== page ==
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From: "Enrico Weigelt, metux IT consult" <lkml@metux.net>
To: Shakeel Butt <shakeelb@google.com>,
	"Eric W. Biederman" <ebiederm@xmission.com>
Cc: Alexey Gladkov <legion@kernel.org>,
	Christian Brauner <christian.brauner@ubuntu.com>,
	LKML <linux-kernel@vger.kernel.org>,
	Linux Containers <containers@lists.linux.dev>,
	Linux Containers <containers@lists.linux-foundation.org>,
	Linux FS Devel <linux-fsdevel@vger.kernel.org>,
	Linux MM <linux-mm@kvack.org>,
	Andrew Morton <akpm@linux-foundation.org>,
	Johannes Weiner <hannes@cmpxchg.org>,
	Michal Hocko <mhocko@kernel.org>,
	Chris Down <chris@chrisdown.name>,
	Cgroups <cgroups@vger.kernel.org>
Subject: Re: [PATCH v1] proc: Implement /proc/self/meminfo
Date: Mon, 21 Jun 2021 20:20:28 +0200	[thread overview]
Message-ID: <d1eb12ec-8e6a-11c1-ea0a-b36dcf354d16@metux.net> (raw)
In-Reply-To: <CALvZod70DNiWF-jTUHp6pOVtVX9pzdvYXaQ1At3GHtdKD=iTwQ@mail.gmail.com>

On 19.06.21 01:38, Shakeel Butt wrote:

> Nowadays, I don't think MemAvailable giving "amount of memory that can
> be allocated without triggering swapping" is even roughly accurate.
> Actually IMO "without triggering swap" is not something an application
> should concern itself with where refaults from some swap types
> (zswap/swap-on-zram) are much faster than refaults from disk.

If we're talking about things like database workloads, there IMHO isn't
anything really better than doing measurements with the actual loads
and tuning incrementally.

But: what is the actual optimization goal, why an application might
want to know where swapping begins ? Computing performance ? Caching +
IO Latency or throughput ? Network traffic (e.g. w/ iscsi) ? Power
consumption ?

>> I do know that hiding the implementation details and providing userspace
>> with information it can directly use seems like the programming model
>> that needs to be explored.  Most programs should not care if they are in
>> a memory cgroup, etc.  Programs, load management systems, and even
>> balloon drivers have a legitimately interest in how much additional load
>> can be placed on a systems memory.

What kind of load exactly ? CPU ? disk IO ? network ?

> How much additional load can be placed on a system *until what*. I
> think we should focus more on the "until" part to make the problem
> more tractable.

ACK. The interesting question is what to do in that case.

An obvious move by an database system could be eg. filling only so much
caches as there's spare physical RAM, in order to avoid useless swapping
(since we'd potentiall produce more IO load when a cache is written
out to swap, instead of just discarding it)

But, this also depends ...

#1: the application doesn't know the actual performance of the swap
device, eg. the already mentioned zswap+friends, or some fast nvmem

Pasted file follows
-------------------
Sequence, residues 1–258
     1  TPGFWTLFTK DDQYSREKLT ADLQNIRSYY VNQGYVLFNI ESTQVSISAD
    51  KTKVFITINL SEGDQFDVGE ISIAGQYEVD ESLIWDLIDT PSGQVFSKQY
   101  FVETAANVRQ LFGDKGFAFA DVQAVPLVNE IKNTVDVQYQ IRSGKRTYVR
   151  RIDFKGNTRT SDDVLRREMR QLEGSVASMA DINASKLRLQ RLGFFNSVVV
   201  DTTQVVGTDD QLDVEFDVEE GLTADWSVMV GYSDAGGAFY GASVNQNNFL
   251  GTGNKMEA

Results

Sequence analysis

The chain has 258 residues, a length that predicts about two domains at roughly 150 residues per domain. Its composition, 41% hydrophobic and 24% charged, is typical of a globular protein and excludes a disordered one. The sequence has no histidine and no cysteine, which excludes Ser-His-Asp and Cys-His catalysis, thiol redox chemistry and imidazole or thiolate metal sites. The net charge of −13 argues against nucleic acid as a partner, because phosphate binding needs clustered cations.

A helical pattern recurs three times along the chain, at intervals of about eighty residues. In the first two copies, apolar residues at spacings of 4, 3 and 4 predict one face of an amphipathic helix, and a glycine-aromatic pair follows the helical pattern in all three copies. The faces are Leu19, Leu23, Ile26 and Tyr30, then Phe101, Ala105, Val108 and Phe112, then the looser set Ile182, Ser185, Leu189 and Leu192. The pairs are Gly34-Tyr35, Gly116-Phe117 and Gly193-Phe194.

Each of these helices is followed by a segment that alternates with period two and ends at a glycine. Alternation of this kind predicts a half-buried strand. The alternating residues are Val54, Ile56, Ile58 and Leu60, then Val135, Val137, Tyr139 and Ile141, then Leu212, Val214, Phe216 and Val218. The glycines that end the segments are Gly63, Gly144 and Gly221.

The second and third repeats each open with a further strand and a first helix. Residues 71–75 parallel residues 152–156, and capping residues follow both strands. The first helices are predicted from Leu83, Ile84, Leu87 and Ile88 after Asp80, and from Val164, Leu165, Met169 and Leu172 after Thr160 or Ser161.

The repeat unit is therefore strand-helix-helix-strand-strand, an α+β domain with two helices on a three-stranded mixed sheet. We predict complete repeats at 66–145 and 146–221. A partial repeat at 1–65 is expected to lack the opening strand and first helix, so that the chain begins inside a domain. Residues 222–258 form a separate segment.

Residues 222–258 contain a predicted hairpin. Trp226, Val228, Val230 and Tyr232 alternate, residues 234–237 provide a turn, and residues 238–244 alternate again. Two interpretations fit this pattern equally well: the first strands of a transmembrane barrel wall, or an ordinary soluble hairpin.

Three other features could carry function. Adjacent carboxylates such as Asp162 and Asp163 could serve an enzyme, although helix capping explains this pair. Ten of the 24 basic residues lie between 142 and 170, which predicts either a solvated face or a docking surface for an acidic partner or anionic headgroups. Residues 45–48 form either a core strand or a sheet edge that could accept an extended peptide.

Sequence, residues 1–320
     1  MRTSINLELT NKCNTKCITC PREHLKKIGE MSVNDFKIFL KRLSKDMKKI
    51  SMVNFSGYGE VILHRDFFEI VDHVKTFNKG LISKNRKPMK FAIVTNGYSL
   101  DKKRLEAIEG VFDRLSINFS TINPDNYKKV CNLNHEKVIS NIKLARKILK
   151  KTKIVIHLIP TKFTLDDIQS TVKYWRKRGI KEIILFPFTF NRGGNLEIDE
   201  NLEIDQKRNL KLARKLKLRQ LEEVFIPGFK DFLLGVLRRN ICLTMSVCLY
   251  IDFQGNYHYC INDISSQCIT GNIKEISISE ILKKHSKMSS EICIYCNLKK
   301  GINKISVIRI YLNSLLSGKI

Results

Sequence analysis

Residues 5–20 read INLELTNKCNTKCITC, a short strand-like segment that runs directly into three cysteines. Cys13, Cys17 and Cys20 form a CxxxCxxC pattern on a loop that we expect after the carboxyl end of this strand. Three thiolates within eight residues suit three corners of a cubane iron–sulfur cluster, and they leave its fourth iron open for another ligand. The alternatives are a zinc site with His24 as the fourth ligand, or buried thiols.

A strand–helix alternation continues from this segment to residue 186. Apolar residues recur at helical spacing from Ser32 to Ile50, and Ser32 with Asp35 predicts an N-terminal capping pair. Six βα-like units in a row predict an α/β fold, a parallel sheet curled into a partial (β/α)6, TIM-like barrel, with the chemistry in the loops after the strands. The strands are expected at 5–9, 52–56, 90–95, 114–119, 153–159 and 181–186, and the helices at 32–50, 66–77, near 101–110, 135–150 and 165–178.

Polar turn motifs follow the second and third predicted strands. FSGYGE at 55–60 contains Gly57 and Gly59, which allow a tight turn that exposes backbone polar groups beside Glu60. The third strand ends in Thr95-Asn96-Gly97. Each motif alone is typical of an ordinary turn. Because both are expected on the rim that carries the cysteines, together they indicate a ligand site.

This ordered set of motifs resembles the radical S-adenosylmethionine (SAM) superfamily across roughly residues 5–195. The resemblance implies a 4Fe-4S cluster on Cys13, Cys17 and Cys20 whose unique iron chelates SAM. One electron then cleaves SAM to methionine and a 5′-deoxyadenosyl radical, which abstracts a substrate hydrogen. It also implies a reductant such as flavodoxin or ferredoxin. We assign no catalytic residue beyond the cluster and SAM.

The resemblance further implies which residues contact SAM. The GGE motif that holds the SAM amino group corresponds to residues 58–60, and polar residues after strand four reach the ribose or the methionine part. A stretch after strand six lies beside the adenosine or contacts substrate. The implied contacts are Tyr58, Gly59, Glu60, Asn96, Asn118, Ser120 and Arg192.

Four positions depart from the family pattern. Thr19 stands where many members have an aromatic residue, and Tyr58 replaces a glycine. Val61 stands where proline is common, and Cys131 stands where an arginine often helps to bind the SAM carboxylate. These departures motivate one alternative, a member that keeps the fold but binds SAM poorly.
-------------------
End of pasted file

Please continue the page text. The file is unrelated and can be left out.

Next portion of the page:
for swap vs disk for storage.

#2: caches might also be implemented indirectly by mmap()ing the storage
file/device and so using the kernel's cache here. in that case, the
kernel would automatically discard the pages w/o going to swap. of
course that only works if the cache is nothing but copying pages from
storage into ram.

A completely different scenario would be load management on a cluster
like k8s. Here we usually care of cluster performance (dont care about
individual nodes so muck), but wanna prevent individual nodes from being
overloaded. Since we usually don't know much about the indivdual
workload, we probably don't have much other chance than contigous
monitoring and acting when a node is getting too busy - or trying to
balance when new workloads are started, on current system load (and
other metrics). In that case, I don't see where this new proc file
should be of much help.

> Second, is the reactive approach acceptable? Instead of an upfront
> number representing the room for growth, how about just grow and
> backoff when some event (oom or stall) which we want to avoid is about
> to happen? This is achievable today for oom and stall with PSI and
> memory.high and it avoids the hard problem of reliably estimating the
> reclaimable memory.

I tend to believe that for certain use cases it would be helpful if an
application gets notified if some of its pages are soon getting swapped
out due memory pressure. Then it could decide on its own which whether
it should drop certain caches in order to prevent swapping.


--mtx

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Enrico Weigelt, metux IT consult
Free software and Linux embedded engineering
info@metux.net -- +49-151-27565287

      reply	other threads:[~2021-06-21 18:21 UTC|newest]

Thread overview: 16+ messages / expand[flat|nested]  mbox.gz  Atom feed  top
2021-06-03 10:43 [PATCH v1] proc: Implement /proc/self/meminfo legion
2021-06-03 11:33 ` Michal Hocko
2021-06-03 11:33 ` Chris Down
2021-06-09  8:16   ` Enrico Weigelt, metux IT consult
2021-06-09 19:14     ` Eric W. Biederman
2021-06-09 20:31       ` Johannes Weiner
2021-06-09 20:56         ` Eric W. Biederman
2021-06-10  0:36           ` Daniel Walsh
2021-06-11 10:37         ` Enrico Weigelt, metux IT consult
2021-06-15 11:32 ` Christian Brauner
2021-06-15 12:47   ` Alexey Gladkov
2021-06-16  1:09     ` Shakeel Butt
2021-06-16 16:17       ` Eric W. Biederman
2021-06-18 17:03         ` Michal Hocko
2021-06-18 23:38         ` Shakeel Butt
2021-06-21 18:20           ` Enrico Weigelt, metux IT consult [this message]

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